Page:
Just so you know, it’s not that I’ve been avoiding the topic of San Francisco real estate – in fact, there’s all sorts of action happening. But I’ve been too swamped juggling offers, upcoming listings and escrows to effectively write about it. I, and just about any other SF Realtor, can tell you things are picking up here in the SF market, but I’ll save that for another day.
Today, I wanted to share a little video with you and ask for your help.
We all know that rodents can be a nuisance. They are destructive, cause property damage, and have inspired more than one cartoon where a woman jumps up on a table and screams.
And while you don’t want the little (or big) critters in your homes, rat poison is not the answer!!!!
Meet Curbie. Curbie was found on the Curb (thus the name) after street sweeper one day. Curbie didn’t look well. He was docile. Not like your average wild rat. My boyfriend chased him across the street to some bushes so he’d at least have some cover – we live down in the Outer Sunset by Ocean Beach and there’s a hawk on just about every block down here, and they’re all competing for food with the neighborhood kitties.
A few days went by, and Curbie still wasn’t doing very well. He was still in the same spot where my boyfriend had left him. And he wasn’t acting very wild. He looked sick.
So, my boyfriend captured him, put him in a box and started to feed him hoping he’d get better. After doing some research, it began to look pretty obvious that Curbie was poisoned. Feeling bad for the critter, and not wanting to watch him suffer, we began looking for help, and found it at Wildcare an organization that works “to make sure all species can coexist– not just by treating sick or injured animals (over 3,000 of them a year), but also by teaching people how to live peacefully with wildlife and by advocating for better protection of wildlife and our remaining open spaces”.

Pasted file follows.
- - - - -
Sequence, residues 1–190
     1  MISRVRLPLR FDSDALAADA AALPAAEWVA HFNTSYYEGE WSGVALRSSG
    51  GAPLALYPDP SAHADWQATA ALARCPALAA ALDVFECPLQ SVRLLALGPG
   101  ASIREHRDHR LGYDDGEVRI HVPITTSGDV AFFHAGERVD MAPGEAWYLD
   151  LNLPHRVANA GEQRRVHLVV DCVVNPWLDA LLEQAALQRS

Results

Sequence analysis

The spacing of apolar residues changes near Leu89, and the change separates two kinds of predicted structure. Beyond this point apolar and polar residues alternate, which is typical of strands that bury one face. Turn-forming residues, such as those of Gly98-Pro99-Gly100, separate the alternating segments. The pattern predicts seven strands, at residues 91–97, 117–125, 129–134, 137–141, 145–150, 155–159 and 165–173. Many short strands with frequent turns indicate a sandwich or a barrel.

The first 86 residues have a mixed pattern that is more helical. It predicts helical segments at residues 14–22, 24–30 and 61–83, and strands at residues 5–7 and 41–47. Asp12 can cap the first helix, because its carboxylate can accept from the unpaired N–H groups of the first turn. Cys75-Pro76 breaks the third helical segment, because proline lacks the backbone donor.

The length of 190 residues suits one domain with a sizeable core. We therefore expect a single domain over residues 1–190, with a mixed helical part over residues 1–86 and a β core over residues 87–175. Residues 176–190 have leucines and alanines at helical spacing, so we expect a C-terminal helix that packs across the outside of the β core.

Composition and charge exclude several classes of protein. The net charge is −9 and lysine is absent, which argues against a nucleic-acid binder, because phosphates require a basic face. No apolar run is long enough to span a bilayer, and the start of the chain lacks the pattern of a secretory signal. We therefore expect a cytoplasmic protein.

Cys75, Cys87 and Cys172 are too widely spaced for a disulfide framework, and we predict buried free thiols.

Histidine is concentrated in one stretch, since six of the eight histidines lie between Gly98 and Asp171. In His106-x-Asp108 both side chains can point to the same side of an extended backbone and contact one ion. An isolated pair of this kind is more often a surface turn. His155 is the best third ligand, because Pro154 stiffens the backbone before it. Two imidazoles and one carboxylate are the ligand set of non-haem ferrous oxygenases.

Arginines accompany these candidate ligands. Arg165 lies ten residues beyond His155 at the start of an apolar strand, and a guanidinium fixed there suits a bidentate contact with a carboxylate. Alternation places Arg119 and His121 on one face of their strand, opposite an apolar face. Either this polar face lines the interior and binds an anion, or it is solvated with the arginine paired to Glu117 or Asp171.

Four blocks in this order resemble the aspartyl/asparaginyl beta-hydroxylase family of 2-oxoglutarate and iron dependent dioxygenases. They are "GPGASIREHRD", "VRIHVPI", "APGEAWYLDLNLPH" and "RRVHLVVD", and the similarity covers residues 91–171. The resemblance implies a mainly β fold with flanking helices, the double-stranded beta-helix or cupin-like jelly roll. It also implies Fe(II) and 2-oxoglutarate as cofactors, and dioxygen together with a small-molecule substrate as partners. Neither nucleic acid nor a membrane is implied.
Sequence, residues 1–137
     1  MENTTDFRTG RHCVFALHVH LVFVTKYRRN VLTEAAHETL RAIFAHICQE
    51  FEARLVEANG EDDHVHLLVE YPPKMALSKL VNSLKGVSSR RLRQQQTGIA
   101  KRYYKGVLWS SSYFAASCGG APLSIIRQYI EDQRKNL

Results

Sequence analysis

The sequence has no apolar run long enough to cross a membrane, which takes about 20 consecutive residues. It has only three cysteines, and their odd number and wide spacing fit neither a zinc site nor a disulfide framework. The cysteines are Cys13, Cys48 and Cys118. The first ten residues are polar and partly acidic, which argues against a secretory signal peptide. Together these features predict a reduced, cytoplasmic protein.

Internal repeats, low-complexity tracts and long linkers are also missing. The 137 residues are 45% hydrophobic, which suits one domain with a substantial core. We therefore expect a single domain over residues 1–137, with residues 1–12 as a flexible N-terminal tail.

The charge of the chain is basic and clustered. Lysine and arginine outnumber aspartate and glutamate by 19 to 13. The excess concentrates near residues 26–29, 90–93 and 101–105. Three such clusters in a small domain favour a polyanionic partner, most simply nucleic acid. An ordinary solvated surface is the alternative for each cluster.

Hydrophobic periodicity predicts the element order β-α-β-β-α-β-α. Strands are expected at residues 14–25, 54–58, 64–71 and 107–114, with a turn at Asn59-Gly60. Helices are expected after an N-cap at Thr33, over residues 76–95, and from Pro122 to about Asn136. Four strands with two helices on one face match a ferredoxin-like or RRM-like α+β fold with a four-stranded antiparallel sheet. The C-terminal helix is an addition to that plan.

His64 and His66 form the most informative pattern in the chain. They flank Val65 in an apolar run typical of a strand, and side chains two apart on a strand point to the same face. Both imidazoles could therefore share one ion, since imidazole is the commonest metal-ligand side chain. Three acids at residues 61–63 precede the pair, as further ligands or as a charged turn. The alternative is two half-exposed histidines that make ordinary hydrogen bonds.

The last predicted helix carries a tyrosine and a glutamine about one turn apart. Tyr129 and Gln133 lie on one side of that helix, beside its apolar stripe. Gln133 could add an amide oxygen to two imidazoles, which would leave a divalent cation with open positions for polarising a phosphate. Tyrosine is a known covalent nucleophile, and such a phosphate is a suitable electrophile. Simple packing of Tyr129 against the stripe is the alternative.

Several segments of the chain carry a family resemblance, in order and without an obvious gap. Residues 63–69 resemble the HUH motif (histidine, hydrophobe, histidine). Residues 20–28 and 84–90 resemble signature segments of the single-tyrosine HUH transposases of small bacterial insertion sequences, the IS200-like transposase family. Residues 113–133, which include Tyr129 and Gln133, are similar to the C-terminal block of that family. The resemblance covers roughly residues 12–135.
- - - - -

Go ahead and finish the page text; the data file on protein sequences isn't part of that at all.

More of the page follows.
Curbie, thanks to the friends at Wildcare, made it out ok. His release video is above, and if you don’t pay attention, you’ll miss him – he’s THAT fast, THAT fiesty, and THAT much better.
But there are other Curbies out there and the rat poison problem doesn’t lie so much with the rodents themselves (though, really, if you think it’s an acceptable to leave an animal to die slowly by internally bleeding for a week or more, you’re pretty much an A**hole), but lies in an even bigger problem – the fact that prey feed on the rodents and then they, too, get sick and die.
Information from Wildcare‘s site:
Every year WildCare admits predatory animals like hawks, owls and foxes that have eaten rodents poisoned with anti-coagulant rodenticides (rat poisons).
The rodenticides currently on the market are advertised as “strong enough to kill in one dose,” and they do kill rats (slowly and painfully of internal bleeding), but it can take up to seven days for the rodents to die.
In that time, a desperate rodent can enter the food chain and carry the deadly poison to any animal that picks him up as an easy meal.
That hawk or owl dies too unless proper treatment can be administered immediately.
So what can YOU do?
You can help in two ways.
First – STOP USING RAT POISON! There are many humane options for removing rodents. I prefer the humane trap and release traps.
And second – donate to Wildcare. They do a lot more than just rescue wild animals like Curbie. They offer an interactive experience where people can truly understand what it means to co-exist with wildlife around us, even here in San Francisco.
And Curbie? Well, as you can see, he’s got a second chance at life. And the singing at the end of the video? Yeah, that’s me. Let me know if you know anyone ready to cut me a record deal. 😉